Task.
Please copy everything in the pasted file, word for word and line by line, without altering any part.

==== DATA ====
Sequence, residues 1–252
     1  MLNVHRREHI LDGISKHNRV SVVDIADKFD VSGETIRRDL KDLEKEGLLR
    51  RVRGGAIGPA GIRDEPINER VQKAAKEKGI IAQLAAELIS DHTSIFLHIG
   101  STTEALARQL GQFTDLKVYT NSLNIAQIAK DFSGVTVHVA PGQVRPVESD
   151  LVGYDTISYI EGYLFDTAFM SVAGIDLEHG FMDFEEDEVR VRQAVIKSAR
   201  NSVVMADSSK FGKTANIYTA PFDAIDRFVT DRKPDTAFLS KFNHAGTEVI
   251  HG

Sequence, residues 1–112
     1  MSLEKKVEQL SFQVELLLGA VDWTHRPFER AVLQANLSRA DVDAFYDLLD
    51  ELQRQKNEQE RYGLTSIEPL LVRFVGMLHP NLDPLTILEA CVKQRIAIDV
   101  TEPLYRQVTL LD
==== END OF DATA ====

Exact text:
Sequence, residues 1–252
     1  MLNVHRREHI LDGISKHNRV SVVDIADKFD VSGETIRRDL KDLEKEGLLR
    51  RVRGGAIGPA GIRDEPINER VQKAAKEKGI IAQLAAELIS DHTSIFLHIG
   101  STTEALARQL GQFTDLKVYT NSLNIAQIAK DFSGVTVHVA PGQVRPVESD
   151  LVGYDTISYI EGYLFDTAFM SVAGIDLEHG FMDFEEDEVR VRQAVIKSAR
   201  NSVVMADSSK FGKTANIYTA PFDAIDRFVT DRKPDTAFLS KFNHAGTEVI
   251  HG

Sequence, residues 1–112
     1  MSLEKKVEQL SFQVELLLGA VDWTHRPFER AVLQANLSRA DVDAFYDLLD
    51  ELQRQKNEQE RYGLTSIEPL LVRFVGMLHP NLDPLTILEA CVKQRIAIDV
   101  TEPLYRQVTL LD